• And Idaho has just an amazing law that has been crafted over many years of legislative improvement to where it’s virtually completely free in Idaho.
  • Jim, I know that Montana has a really good law.
  • Also, Virginia’s religious exemption, where it’s working properly, is a terrifically good law.

About a third of the states, I would say, are basically in the sector that you’ve just described.

Quote source

Farris, M. (2016). Where Are We Now? The State of Homeschool Laws [podcast]. Home School Legal Defense Association. Available Last accessed 1st May 2017

Homeschooling’s growing popularity—in all areas

Approximately 1.8 million U.S. children were home-schooled in 2012, more than double the number that were home-schooled in 1999, when the federal government began gathering data on national home-schooling trends, according to estimates released Tuesday…

About one-third live in rural areas, while slightly more than one-third live in the suburbs and slightly less than one-third live in cities…

Quote source

Brown, E. (2016). Number of Home-Schooled Students Has Doubled Since 1999, New Data Shows. Washington Post. Available Last accessed 2nd Dec 2016.

Homeschoolers are sleeping easy tonight

In the first study of its kind, researchers have determined that teens who are homeschooled benefit from healthier sleep habits than those who go to most private and public schools…

[Sleep psychologist Lisa] Meltzer and her colleagues charted the sleep patterns of 2,612 students, including nearly 500 who are homeschooled. They found that adolescent homeschooled students slept an average of 90 minutes more per night than public and private school students…

The study concluded that more than half (55%) of teens who were homeschooled got the optimal amount of sleep per week, compared to just 24.5% of those who attend public and private schools. Conversely, 44.5% of public and private school teens got insufficient sleep during the school week, compared to only 16.3% of homeschooled teens.

Quote source

National Jewish Health (2013). Study Finds Homeschool Students Sleep Better: Research Supports Later Start Times For High School. Available Last accessed 16 Mar 2016.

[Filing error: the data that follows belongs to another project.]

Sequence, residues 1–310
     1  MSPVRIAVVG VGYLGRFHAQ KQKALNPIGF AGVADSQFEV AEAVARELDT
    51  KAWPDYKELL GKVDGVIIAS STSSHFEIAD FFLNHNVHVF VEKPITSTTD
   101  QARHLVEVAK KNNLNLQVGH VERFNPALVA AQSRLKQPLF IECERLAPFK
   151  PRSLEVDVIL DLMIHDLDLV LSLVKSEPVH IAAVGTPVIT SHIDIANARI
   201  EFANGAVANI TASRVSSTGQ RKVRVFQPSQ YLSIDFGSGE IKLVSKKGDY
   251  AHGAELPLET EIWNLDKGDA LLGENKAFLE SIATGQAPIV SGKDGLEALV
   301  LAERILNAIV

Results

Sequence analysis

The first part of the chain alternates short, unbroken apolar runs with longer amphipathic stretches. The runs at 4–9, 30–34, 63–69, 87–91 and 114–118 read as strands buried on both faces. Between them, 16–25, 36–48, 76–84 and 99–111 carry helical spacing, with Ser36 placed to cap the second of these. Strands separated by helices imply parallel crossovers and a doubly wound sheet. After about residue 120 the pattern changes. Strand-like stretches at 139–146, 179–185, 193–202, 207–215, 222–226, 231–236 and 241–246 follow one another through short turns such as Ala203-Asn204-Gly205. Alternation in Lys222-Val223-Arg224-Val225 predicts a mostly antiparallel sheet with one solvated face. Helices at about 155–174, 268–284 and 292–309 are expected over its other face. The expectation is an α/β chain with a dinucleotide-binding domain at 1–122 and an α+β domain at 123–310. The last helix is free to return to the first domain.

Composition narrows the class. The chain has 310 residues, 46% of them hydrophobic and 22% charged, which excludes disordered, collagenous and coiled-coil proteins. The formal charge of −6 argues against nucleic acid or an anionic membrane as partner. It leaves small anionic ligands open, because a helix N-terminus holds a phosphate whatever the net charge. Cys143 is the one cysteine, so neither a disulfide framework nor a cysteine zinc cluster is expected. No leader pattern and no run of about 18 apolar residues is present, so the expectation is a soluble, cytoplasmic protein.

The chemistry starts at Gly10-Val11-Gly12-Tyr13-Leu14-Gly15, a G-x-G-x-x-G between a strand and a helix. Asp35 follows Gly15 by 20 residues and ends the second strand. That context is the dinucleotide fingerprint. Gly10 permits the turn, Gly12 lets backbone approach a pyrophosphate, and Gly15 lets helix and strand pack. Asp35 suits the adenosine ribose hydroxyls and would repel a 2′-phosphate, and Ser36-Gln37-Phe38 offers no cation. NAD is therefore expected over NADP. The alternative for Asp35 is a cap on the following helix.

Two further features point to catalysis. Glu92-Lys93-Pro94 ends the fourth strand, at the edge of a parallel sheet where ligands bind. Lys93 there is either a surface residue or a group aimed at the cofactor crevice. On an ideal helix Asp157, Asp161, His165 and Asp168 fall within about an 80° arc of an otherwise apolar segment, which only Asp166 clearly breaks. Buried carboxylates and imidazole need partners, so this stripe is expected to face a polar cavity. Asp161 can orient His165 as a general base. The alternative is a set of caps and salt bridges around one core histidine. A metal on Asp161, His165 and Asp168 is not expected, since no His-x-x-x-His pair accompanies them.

The homeschooled society that worked wonders

Given the way the Reformation changed how Christians viewed education, it isn’t surprising that, as spiritual and cultural heirs of the Reformation, the American colonists from the very beginning were a remarkably literate people. In fact, both Americans and Europeans commented on the high degree of literacy in America…

But if America enjoyed such prodigious literacy well into the nineteenth century without anything remotely resembling our modern government school system, and without compulsory attendance laws, who was providing the education that produced it?

[Sam] Blumenfeld’s answer may surprise some: it was primarily families, and, secondarily, neighbors, tutors, and pastors, in homes, informal schools, and institutional schools. Moreover, the Christian character of the education was clear. As late as the 1830s Alexis de Tocqueville observed that education in America was everywhere under the guidance of Protestant pastors.

Quote source

Shortt, B.N. (n.d.) A Foreword to Blumenfeld’s Masterpiece. Chalcedon Foundation. Available Last accessed 30th Nov 2015.

Homeschoolers’ maturity: let your light shine before others

The other night as I was an audience member for a homeschool theater production of the musical Annie, I was once again struck by how unique Christian homeschooling is as a cultural trend…

Guests who are not accustomed to homeschooling circles almost always remark on how well-behaved and orderly the children are, and how readily they take direction and show respect for those in authority. If you, like me, are used to such things, it doesn’t seem like such a big deal.

One woman, who had been a teacher in public schools and Sunday schools for over forty years, was dumbfounded that eighty plus children under the direction of about five to seven moms could be so cooperative.

Quote source

Schwartz, A. (2008). The Homeschool Life: Discovering God’s Way to Family-Based Education [ebook]. Chalcedon/Ross House Books, Vallecito. Location 273-80